High-resolution investigations of rocks on Mars feed into Schmidt’s work on rocks on our home planet. She investigates volcanic fields in glacial lake settings, particularly fluvial lakes in western North America. To summarize these complex geological settings quickly, roughly 15,000 years ago basaltic volcanoes erupted in that region and the deposits left behind are glassy due to being quenched by lake water.
“I want to look at microscale variability in terms of trace elements of isotopes to really understand trends, and also dating rocks. That’s a crucial thing, establishing a chronology,” Schmidt said of her research. On Earth, she also looks regularly at volcanic rocks that have been biogenically altered, or “eaten by microbes.” She added, “What I’m really interested in – what I’d really like to be able to find – would be features similar to that on Mars.”
Evidence of microbial activity and rock chronology on Mars, however, would likely require that sample return mission. A typical rover mission can only carry so much instrumentation with it, and it is also limited by matters such as power and the sheer distance in communications back to Earth.
Instruments on Earth can thus provide higher resolution and in at least some senses, would allow investigations to proceed more quickly. That said, quarantine protocols to protect Earth from rocks from a potentially habitable planet would present some logistical challenges. These protocols would need to be followed closely, to ensure safety for all participating lab technicians and scientists, among others.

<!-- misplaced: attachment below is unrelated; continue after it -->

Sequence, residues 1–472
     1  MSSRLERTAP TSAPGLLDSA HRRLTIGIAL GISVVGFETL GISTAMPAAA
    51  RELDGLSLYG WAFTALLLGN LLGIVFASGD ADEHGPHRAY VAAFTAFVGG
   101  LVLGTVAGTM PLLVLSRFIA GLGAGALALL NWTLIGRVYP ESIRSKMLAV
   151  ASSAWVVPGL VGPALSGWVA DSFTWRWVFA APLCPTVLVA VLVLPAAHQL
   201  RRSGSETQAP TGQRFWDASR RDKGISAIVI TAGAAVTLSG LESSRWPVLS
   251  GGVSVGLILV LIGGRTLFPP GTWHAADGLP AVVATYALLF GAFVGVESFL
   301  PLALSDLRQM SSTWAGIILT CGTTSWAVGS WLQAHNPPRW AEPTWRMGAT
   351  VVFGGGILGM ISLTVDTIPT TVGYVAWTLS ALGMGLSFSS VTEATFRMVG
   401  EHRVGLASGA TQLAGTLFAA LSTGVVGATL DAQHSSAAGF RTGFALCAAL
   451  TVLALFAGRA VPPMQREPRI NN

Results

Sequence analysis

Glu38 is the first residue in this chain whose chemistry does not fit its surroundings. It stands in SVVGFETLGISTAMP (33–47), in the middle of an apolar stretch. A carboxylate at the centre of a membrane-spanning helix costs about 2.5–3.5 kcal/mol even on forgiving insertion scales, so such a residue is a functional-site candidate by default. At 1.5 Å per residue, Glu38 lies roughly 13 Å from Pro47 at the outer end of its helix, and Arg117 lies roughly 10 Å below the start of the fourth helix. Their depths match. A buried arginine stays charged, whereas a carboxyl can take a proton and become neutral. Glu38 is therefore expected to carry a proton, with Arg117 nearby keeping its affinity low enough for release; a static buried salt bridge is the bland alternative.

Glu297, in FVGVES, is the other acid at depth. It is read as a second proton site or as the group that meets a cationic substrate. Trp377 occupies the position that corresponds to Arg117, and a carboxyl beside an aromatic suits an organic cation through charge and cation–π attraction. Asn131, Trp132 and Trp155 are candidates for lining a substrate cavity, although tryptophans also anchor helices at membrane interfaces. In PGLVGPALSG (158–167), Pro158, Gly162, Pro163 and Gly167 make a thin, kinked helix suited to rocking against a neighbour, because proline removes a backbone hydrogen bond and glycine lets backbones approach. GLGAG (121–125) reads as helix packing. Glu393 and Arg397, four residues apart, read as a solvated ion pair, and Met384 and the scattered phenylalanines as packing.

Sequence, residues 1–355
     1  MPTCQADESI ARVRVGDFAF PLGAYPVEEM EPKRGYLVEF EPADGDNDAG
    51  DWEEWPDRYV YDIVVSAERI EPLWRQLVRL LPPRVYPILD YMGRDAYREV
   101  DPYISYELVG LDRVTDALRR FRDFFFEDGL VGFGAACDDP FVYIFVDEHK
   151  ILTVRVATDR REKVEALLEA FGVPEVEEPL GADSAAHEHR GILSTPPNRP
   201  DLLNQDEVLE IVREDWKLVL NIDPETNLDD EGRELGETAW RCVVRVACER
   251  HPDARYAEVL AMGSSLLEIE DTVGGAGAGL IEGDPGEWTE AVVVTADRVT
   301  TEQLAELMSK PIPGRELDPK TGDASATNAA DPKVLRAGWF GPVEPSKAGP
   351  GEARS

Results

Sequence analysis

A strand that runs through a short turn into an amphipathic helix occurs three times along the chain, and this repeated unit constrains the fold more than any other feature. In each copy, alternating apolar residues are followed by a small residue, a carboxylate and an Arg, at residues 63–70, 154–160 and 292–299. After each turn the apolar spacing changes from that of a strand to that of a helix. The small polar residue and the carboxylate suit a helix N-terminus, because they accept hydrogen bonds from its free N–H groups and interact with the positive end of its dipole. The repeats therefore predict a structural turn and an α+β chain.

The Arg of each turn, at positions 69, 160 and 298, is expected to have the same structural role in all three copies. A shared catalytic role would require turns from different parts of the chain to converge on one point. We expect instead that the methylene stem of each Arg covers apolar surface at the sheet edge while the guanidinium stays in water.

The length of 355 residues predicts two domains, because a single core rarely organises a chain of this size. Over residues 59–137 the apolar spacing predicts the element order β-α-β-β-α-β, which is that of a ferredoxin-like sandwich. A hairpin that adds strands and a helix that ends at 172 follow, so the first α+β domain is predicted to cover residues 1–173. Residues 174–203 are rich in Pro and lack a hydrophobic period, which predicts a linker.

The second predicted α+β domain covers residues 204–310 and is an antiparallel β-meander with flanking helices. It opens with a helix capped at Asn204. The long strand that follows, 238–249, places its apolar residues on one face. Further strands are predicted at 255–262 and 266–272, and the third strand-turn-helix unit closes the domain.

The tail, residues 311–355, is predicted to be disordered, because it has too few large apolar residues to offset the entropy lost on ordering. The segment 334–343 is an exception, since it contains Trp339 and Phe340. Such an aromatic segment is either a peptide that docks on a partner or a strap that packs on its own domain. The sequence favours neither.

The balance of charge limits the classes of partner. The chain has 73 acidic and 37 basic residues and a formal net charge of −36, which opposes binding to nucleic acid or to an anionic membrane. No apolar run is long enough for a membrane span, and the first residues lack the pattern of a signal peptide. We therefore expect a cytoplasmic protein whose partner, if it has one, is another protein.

NASA’s Jet Propulsion Laboratory’s Planetary Protection Center of Excellence is already working hard on quarantine protocols, including spacecraft cleanliness and preventing contamination of planetary environments from Earth. “Backward” contamination is also in its mandate, meaning “extraterrestrial contamination … by way of sample return missions,” according to the website.
Schmidt said she is also looking forward to bringing the next generation of Mars researchers into the Perseverance mission, including at least one masters student and post-doctoral student. Such opportunities are common pathways for students to gain experience in space, and many of today’s scientists started their work on Mars missions in precisely that same way.
Another participating Canadian scientist is Chris Herd, a Perseverance mission scientist who is also a professor of Earth and atmospheric sciences at the University of Alberta. He was chosen to be one of two returned sample scientist representatives on the mission’s project science group, according to the Canadian Space Agency, last August.
“In this role, he will be part of the team responsible for making critical operational and scientific decisions for the mission,” CSA said of Herd’s contribution, adding that he “will contribute his expertise in the analysis of igneous rocks and Martian meteorites to select samples that are most likely to provide key information about Mars’ geological history.”